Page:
Inside the icebox
Your daddy walks in wearin’
A Napoleon Bonaparte mask
Then you ask why I don’t live here
Honey, do you have to ask?”
It’s funny. If you leave out the pucnh line at the end, it doesn’t make much sense.
You could take random lines from any book of poetry that would leave you scratching your head.
Whew. Finally got up off the mat after the pummeling I’ve taken on this one. At least the bulk of the vitriol was quite eloquent, which made me smile even more than usual when reading reader responses.
Listen, I know I’m missing something with this guy, as too many smart people and too many great artists revere his work. I’ll admit to being a bit too glib in my casual dismissal of an artist of such stature. I do intend to give a lot of your song suggestions some serious listens, and I’ll do it with an open mind eager to discover something great. Believe me, I want to “get it.”
However, I still think there’s less there than meets the eye. But I’ll take the fair route, do some further listening, and reconsider.
Oh, and the only comment that really stung was the one saying Bush would love me. As an 8-year Bush hater, as one who told every single fucking person he knew “before” the Iraq War started that it was total bullshit, as one who reads the Washington Post inside and out every day and foresaw this recent crisis coming for years…well, man…that comment hurt. This ultra-left wing, peace-loving, tree-hugging, able-to-correctly-pronounce-the-word-“nuclear,” opposer of everything he stands for, un-American, Patriot-Act hating Aider and Abettor of the terrorists despises that whole goddamn administration.
The dipshitted, stupid, uninformed blah blah blah Ned Bitters
p.s. I gotta know…what Dylan site did a link to this column show up on?
Ned – Good enough … your link was on the “Expecting Rain” website, which can be accessed through http://www.bobdylan.com … your link was on Oct. 1, and the link “In Praise of Bob Dylan” which puts Dylan’s music and influence in historical perspective is an Oct. 3 posting on the “Expecting Rain” site (“expecting rain” is taken from a line in “Just Like a Woman,” a song on Dylan’s “Blonde on Blonde” album.) I enjoy your blog, keep freewheelin’!
To correct myself, the “Expecting Rain” site name is taken from “Desolation Row” on Dylan’s “Highway 61” album … a good place to start your “serious listens” … enjoy.
Thanks johnpilecki. Was just curious. Now, let me begin my listening quest to find the enlightenment I’ve been missing out on. Sure hope I find some success.
Ned – I don’t know if it is “enlightenment” you will find, maybe just an appreciation of how some folks of my generation (I’m 59), and – to me somewhat surprisingly – some people of “today’s” generation (the “millinnials”?) have been influenced by the man’s voice, music and writing. By the way, London is giving Bob a 150-1 shot of getting a Nobel Prize this year.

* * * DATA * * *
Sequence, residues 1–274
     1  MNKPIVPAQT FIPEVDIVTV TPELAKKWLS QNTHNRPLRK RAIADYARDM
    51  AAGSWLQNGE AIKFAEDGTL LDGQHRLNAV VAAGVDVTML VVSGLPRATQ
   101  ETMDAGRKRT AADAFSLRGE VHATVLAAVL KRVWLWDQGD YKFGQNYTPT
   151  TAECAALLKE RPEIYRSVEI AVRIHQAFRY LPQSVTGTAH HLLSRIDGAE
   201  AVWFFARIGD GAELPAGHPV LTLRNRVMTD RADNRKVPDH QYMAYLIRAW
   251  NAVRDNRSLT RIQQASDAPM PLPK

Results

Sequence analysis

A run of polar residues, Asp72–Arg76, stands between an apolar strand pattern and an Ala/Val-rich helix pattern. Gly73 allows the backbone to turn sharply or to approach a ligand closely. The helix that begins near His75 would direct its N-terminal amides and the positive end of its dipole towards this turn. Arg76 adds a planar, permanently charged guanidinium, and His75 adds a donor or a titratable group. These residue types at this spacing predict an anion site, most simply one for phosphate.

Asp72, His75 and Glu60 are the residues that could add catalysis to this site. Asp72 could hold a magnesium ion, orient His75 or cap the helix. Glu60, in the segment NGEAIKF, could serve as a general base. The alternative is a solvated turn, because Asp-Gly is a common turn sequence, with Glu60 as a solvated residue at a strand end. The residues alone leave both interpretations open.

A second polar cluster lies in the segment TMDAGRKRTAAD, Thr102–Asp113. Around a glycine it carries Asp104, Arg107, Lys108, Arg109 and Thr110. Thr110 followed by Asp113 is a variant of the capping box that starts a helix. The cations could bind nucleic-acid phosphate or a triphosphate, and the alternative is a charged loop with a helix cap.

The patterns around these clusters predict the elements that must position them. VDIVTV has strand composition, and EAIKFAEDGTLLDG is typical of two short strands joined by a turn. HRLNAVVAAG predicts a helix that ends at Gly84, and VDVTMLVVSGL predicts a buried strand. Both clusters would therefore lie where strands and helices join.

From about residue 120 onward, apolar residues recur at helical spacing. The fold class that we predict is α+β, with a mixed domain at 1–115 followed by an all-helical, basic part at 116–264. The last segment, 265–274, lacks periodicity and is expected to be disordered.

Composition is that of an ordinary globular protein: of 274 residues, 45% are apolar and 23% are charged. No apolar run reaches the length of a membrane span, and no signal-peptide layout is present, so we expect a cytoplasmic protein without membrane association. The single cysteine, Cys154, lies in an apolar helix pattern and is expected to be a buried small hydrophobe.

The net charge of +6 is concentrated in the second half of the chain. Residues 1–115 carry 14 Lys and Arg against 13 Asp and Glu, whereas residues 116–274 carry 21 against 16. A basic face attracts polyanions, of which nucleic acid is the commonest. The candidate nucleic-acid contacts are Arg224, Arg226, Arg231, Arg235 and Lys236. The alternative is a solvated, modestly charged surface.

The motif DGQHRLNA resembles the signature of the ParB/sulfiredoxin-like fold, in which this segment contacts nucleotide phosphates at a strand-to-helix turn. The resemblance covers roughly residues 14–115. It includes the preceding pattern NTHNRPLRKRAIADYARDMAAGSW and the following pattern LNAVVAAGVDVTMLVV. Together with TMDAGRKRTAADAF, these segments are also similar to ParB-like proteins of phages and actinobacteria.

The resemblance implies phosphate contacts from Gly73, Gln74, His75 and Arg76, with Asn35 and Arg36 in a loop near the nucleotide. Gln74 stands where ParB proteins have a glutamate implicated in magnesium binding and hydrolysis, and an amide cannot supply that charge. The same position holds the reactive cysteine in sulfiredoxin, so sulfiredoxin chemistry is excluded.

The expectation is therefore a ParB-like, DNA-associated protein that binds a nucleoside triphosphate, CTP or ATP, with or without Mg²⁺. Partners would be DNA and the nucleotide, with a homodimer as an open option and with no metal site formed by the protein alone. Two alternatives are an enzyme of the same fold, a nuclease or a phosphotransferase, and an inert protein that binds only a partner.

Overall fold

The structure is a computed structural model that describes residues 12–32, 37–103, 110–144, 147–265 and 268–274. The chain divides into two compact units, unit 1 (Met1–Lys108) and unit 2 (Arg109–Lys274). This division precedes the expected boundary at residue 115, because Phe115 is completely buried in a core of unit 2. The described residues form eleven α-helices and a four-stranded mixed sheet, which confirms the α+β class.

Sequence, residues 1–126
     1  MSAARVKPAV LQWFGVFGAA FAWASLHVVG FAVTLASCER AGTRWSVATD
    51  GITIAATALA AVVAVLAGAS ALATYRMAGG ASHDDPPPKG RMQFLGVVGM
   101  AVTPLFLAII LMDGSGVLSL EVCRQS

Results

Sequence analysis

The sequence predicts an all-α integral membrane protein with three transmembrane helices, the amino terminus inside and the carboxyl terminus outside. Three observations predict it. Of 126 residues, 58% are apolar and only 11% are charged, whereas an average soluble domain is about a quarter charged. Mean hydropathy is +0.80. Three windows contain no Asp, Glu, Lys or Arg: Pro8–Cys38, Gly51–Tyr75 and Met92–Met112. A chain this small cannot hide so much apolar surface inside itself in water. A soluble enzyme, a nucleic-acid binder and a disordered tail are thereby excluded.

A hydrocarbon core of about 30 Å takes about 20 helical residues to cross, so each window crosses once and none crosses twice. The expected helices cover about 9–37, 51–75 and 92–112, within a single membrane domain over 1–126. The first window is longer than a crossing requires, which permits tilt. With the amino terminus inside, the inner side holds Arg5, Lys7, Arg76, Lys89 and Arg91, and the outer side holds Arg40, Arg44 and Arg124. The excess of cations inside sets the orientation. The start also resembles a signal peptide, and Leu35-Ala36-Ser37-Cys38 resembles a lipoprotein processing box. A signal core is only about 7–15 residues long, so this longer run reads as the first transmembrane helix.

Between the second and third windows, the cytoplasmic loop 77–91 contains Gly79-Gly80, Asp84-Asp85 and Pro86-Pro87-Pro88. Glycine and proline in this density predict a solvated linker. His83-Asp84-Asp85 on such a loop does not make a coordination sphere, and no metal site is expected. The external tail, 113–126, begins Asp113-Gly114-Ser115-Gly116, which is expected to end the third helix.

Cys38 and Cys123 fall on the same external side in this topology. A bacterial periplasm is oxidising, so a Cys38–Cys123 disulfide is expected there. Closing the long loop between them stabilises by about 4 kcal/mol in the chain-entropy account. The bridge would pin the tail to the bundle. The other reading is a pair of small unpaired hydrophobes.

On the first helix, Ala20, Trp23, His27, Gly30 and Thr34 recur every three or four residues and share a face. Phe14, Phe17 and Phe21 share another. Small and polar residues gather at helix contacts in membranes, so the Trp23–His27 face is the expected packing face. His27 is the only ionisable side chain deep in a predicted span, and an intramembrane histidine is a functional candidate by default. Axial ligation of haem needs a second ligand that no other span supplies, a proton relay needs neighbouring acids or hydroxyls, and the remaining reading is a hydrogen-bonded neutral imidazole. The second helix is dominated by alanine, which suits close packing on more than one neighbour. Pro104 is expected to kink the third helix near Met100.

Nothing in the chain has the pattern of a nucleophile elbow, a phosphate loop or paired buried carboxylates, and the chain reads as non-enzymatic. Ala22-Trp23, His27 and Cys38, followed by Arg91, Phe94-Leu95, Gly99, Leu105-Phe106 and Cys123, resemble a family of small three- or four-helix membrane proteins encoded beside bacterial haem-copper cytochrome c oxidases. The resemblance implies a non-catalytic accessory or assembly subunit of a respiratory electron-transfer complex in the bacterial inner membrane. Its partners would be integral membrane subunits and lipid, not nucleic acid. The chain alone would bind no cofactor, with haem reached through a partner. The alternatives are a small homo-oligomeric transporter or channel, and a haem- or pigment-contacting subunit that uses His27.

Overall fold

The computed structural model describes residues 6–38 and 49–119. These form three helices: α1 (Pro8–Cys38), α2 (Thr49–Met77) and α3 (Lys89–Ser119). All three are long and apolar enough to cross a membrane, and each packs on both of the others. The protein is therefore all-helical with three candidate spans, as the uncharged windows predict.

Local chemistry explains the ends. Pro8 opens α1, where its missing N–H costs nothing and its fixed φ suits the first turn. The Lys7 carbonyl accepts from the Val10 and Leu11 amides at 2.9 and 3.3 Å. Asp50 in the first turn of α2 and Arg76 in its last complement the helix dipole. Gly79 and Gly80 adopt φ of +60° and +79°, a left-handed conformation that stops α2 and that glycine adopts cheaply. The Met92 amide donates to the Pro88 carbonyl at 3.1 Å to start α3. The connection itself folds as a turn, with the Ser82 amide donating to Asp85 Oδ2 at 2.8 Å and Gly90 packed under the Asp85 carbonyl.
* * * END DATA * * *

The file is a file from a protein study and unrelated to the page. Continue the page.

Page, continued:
Ned, if you want to rip some washed up old muscian and not anger anyone, why not do an overrated on Loggins and Messina?
what time are you coming over tonight to suck my dick?
I’ve been saying this for years. Dylan had a few good songs in the 60s, but he hasn’t had anything memorable in almost 40 years. The guy can’t sing and most of his songs are nonsensical. OK Lennon and some other guys loved him, great. But that doesn’t change the fact that Dylan is hugely overrated.
To Mazer Rackem:
Do you know fact from opinion? The FACT is that, in your OPINION, Dylan is overrated. My OPINION is that you are as much of a dipshit as the author. See the difference?
Dear Mr. Bitters,
I think your writing would be every bit as good if you refrained from profanity.
You know there are young people who use the Internet, and if they see that kind of language they may think it’s acceptable.
may i quote a pretty good musician named George Harrison?
“We’re lucky to be alive at the same time as Bob Dylan”.
Very entertaining article. I have to say I pretty much agree. We are talking about music here. Some of the misinformed pseudo-intellectuals that are so wrapped up in trying to interpret self absorbed Bob-babble need to take a step back and say, you know what, Bob Dylan is just a self absorbed boob – for the most part. And to try and overplay his role in modern rock music – give me a break! Modern rock comes from the blues, which arrived well before Mr. Dylan and done much better by his peers. In the grand scheme of things, Bob Dylan has his place, just don’t overstate it. Personally, and this is just my own taste, I think Neil Young had much more interesting things to say both explicitly and implicitly. But Led Zeppelin really rocked!
Perhaps it’s not he who is overrated, but the image of those who worship him portray.
“Ned, you is a crazy straight-line thinker. Bush loves you.” -Brian
That’s a sad statement. Not sure who you offend more, Ned or yourself.